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The term war poet came into currency during and after World War I. A number of poets writing in English had been soldiers, and had written about that experience. Quite a number had died, most famously Rupert Brooke, Wilfred Owen, and Charles Sorley. Others such as Siegfried Sassoon had survived, but made a reputation based on scathing poetry written from the disabused point of view of the trench soldier who had lost faith in his military superiors. At the time the term soldier poet was also used, but then dropped out of favour.
There was probably at least as much poetry of quality written on the German side of the Western Front; but it was in English poetry that the war poem became an established genre marker, and attracted growing popular interest. Americans and Canadians contributed notable work (John McCrae wrote In Flanders Fields which is on the Canadian $5 bill), and the French had their own war poetry. According to Patrick Bridgwater in The German Poets of the First World War, the closest comparison to Owen would be Anton Schnack; and Schnack's only peer would be August Stramm.
It is perhaps not a well-defined question, what makes a war poet (compare, say, Brooke and Georg Trakl). The public may have seen war poems as reportage and direct emotional links to the soldier. Robert Graves served in the trenches and survived, David Jones also; Graves did not use war experience as poetic material (making it autobiography in Goodbye to All That), or, more accurately, later suppressed what he had made of it; and Jones postponed its use, incorporating it into modernist forms. These and other WWI poets are listed here: World War I poets.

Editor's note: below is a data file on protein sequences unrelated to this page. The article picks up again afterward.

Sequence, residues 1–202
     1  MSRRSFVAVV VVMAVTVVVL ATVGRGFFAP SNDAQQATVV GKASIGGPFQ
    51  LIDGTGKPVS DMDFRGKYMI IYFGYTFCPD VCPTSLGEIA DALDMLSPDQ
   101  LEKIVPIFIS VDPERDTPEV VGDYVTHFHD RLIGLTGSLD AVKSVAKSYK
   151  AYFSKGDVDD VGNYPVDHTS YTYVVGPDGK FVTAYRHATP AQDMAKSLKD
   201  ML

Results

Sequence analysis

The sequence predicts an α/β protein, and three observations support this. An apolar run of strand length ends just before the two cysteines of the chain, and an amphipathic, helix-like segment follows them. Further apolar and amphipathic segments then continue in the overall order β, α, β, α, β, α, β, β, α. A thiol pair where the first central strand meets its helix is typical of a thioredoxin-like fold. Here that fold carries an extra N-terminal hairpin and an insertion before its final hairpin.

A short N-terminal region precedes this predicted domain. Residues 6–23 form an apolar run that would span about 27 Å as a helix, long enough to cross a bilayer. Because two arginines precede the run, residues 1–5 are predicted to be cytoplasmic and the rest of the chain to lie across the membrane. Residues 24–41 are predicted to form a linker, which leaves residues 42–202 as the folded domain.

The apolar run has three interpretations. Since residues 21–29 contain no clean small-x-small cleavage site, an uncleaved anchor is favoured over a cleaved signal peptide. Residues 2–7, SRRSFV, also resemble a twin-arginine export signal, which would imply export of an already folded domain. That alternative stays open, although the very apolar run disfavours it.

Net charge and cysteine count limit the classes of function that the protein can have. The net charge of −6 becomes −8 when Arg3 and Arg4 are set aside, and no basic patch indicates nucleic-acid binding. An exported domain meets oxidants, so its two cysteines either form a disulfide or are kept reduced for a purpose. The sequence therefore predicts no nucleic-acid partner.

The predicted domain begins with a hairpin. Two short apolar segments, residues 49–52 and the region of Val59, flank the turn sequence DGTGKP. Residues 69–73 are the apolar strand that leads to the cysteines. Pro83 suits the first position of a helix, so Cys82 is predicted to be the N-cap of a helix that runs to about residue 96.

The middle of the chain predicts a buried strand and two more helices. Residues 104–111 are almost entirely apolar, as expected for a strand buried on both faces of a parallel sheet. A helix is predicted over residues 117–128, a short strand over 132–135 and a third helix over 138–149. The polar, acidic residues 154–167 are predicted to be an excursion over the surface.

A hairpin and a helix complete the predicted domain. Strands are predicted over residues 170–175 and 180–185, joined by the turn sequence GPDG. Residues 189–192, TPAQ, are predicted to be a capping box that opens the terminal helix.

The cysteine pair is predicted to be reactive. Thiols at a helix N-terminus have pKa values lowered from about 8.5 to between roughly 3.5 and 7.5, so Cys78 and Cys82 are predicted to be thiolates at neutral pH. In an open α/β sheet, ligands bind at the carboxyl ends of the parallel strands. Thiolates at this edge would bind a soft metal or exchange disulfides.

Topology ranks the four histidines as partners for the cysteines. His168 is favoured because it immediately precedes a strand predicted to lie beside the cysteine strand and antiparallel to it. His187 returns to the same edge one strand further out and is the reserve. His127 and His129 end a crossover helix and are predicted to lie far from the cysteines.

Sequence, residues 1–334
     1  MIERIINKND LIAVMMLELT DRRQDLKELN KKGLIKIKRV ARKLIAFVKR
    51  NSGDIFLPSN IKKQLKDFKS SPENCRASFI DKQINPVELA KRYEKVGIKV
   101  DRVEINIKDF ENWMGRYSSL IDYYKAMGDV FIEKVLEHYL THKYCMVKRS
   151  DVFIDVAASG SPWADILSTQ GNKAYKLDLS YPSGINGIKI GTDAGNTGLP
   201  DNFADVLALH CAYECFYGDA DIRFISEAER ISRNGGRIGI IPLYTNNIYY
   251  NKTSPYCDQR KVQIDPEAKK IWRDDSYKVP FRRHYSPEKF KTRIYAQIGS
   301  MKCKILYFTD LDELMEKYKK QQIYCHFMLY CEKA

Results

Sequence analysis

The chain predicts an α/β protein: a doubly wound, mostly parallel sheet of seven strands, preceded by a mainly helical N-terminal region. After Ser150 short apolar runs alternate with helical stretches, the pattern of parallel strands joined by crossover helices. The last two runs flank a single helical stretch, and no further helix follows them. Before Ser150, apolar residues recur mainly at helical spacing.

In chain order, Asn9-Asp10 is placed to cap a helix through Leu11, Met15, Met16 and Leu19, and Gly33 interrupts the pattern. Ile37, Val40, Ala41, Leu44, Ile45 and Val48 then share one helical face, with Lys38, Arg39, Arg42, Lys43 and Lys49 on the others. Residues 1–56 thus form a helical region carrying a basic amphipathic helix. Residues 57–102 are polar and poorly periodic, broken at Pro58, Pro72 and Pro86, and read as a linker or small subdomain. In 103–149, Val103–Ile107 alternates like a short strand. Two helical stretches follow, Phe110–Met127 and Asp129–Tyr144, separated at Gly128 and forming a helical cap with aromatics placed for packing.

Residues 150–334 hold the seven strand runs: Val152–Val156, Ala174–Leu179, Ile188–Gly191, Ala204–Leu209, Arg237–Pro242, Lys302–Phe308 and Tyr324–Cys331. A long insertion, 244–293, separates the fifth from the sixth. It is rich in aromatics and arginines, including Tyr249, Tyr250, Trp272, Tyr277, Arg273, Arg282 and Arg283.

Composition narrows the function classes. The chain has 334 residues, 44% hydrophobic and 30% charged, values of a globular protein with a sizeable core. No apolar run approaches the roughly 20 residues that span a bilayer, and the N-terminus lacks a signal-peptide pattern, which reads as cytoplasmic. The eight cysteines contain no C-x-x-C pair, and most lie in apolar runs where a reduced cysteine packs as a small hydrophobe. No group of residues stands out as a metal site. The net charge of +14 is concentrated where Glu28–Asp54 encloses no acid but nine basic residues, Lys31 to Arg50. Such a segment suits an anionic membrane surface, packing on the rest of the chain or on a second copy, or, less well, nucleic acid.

The Spanish Civil War produced a substantial volume of poetry in English and, of course, Spanish too, and other languages — there were English-speaking poets serving on both sides.
By the time of World War II the role of 'war poet' was so well-established in the public mind that 'where are the war poets?' became a topic of discussion. The Times Literary Supplement ran an editorial 'To the Poets of 1940' right at the end of 1939 (still during the phoney war, therefore). Robert Graves gave a radio talk 'Why has this War produced no War Poets?' in October 1941. Stephen Spender also replied at about the same time, T. S. Eliot a year later.
Alun Lewis and Keith Douglas are the standard critical choices amongst British war poets of that time, and Karl Shapiro made a reputation based on poetry written during the Pacific war; there was probably more heavyweight poetry written in French from 1939-1945, than in English. The reason may be to do with the onward march of technology and the fact that soldiers spent less of their time sitting in trenches waiting for something to happen.
The expectation of war poetry can be noted in a character from the C. S. Forester novel The Ship who is a poet serving in a Royal Navy ship in the Mediterranean around 1942, and who is killed in action. Benjamin Britten's War Requiem made use of war poem texts, as does Robert Steadman's "In Memoriam".
There has been little recognition of war poetry from any subsequent conflict, certainly when compared with novels. That is not to say, at all, that such conflicts have not affected poets and what they write.